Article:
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Cutler Family Traditions

Written by Alice May Cutler, contributed to Family Search by Ted Walker

Cutler Family Traditions
Written by Alice May Cutler, 1976 

           It was traditional for the Cutler children to dry cattails in the greenhouse for several days, then use them as fireworks in the fall dipping them in coaloil and burning them while standing on the roadside, waving them as the passengers in the cars as they drove by. Sometimes the Burton relatives joined in this celebration.

           Saturday preceding Easter the children colored hard boiled eggs, packed a picnic lunch and walked to the "Highlands" (a hill that sloped downward to a freshwater spring or creek filled with watercress and cattails located on their property between 12th and 13th East on 39th South) where they played games, rolled their eggs down the hill and gathered watercress.

           The Christmas season was especially resplendent with family traditions. Candy making- began several weeks before the holiday. Old discarded tin movie film cans were filled with their delectable homemade Christmas sweets; pecan rolls, English toffee, peanut brittle, divinity, taffy, peanut clusters, fudge, caramels, pinochle and homemade chocolates, and placed on the swinging shelf in the middle of the unheated second story storage room.

           Working together the girls and their mother roasted almonds, made the traditional fruit cake and Christmus Plum pudding served with layers of pink, pale green and white hard sauce and mince meat and pineapple pies. Their father brought home the traditional clear transparent red, yellow and green candy animals to hang on the Christmas tree and small toothpick-like boxes of McDonald's Christmas stick candy. Concurrently, the boys were busy at the basement workbench making wooden toys for the younger children. One such year, Douglas mysteriously disappeared to the basement frequently warning his little sisters to stay away as a "live bear lives down there." Left alone, he made the most charming wooden two story doll house ever built which became a most beloved pastime for his younger sisters, Louise and Alice May, in subsequent years. It was of the finest craftsmanship, about four to five feet in length, two feet deep and three feet high with six rooms, each having a closet and doors. A darling stairway led from the first to the second story. It had real windows (with curtains and braided rugs on the floor made for the doll house by their older sisters), a slanted roof with a chimney and in every way delighted the very excited little girls.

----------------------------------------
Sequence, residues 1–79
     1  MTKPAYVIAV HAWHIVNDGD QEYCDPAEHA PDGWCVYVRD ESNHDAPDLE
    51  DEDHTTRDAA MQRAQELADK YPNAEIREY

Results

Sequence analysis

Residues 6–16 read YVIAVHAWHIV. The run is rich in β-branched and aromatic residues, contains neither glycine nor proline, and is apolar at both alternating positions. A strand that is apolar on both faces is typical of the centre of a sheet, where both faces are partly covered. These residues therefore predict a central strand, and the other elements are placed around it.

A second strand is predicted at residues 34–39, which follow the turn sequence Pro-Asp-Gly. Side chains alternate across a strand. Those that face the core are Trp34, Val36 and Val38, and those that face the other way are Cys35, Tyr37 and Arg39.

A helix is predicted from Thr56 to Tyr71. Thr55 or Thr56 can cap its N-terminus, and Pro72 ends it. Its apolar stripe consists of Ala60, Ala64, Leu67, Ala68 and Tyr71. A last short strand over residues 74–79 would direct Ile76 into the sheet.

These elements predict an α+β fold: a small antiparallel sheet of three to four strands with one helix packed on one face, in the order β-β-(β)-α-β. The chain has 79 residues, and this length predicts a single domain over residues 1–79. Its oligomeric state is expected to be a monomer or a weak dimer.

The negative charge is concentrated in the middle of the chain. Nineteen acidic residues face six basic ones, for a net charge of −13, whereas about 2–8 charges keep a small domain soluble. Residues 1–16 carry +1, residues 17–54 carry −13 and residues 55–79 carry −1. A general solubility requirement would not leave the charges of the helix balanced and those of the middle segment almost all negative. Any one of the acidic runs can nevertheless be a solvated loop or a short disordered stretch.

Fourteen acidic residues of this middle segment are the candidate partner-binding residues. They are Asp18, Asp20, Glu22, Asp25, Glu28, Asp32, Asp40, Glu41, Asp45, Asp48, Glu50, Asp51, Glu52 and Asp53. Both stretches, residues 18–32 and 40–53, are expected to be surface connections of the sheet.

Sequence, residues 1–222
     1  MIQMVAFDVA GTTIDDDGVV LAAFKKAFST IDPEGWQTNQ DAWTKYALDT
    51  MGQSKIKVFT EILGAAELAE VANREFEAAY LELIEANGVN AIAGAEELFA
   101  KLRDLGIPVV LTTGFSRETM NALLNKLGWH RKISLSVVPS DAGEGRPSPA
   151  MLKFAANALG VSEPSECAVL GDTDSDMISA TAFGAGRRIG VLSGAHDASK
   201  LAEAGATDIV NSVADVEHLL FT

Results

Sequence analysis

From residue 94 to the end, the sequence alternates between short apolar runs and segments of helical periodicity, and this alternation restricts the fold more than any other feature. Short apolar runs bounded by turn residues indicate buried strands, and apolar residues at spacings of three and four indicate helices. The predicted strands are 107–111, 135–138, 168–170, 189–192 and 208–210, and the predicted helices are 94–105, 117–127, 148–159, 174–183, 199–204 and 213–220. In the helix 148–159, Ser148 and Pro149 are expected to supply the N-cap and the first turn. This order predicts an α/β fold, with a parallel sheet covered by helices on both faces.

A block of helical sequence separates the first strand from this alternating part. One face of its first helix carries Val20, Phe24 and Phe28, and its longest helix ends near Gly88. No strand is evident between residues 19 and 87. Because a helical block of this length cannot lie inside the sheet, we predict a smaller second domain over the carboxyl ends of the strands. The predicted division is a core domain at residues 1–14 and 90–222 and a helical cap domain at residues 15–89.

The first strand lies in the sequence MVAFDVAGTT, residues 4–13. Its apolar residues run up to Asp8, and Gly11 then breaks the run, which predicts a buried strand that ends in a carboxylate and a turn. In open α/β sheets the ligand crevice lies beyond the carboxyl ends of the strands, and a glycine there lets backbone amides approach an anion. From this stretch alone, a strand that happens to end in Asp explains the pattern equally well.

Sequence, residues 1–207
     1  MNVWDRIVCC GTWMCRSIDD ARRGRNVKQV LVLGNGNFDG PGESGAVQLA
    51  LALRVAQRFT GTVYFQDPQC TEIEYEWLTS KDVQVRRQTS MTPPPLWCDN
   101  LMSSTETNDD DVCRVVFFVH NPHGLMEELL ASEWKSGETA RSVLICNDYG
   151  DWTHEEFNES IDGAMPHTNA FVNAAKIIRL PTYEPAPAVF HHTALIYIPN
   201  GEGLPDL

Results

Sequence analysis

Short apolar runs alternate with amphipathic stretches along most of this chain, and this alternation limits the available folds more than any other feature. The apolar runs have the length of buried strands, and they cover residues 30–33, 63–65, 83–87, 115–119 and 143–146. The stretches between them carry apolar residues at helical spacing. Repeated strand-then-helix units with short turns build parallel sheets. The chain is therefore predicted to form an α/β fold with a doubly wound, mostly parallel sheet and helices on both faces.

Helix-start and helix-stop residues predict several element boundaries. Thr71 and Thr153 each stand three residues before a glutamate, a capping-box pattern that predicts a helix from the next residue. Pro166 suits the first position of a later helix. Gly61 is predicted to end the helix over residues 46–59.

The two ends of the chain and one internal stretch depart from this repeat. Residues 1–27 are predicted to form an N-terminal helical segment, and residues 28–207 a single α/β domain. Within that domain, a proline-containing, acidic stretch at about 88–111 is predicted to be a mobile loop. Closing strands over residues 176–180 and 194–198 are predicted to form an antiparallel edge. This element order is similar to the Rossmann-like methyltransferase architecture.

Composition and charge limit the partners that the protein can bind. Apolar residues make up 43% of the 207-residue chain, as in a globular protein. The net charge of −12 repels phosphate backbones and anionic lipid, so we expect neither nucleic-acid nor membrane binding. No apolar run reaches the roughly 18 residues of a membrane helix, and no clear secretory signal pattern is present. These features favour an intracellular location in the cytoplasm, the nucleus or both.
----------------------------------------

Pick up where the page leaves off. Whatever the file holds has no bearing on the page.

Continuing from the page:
Everyone shared in the Christmas preparation.

            The front living and dining room walls and ceilings were cheerfully draped with red and green crepe paper ropes. A large red crepe paper bell hung in the center of each room. The Christmas tree stood by the fireplace in the living room and before Christmas lights, it was decorated with candles.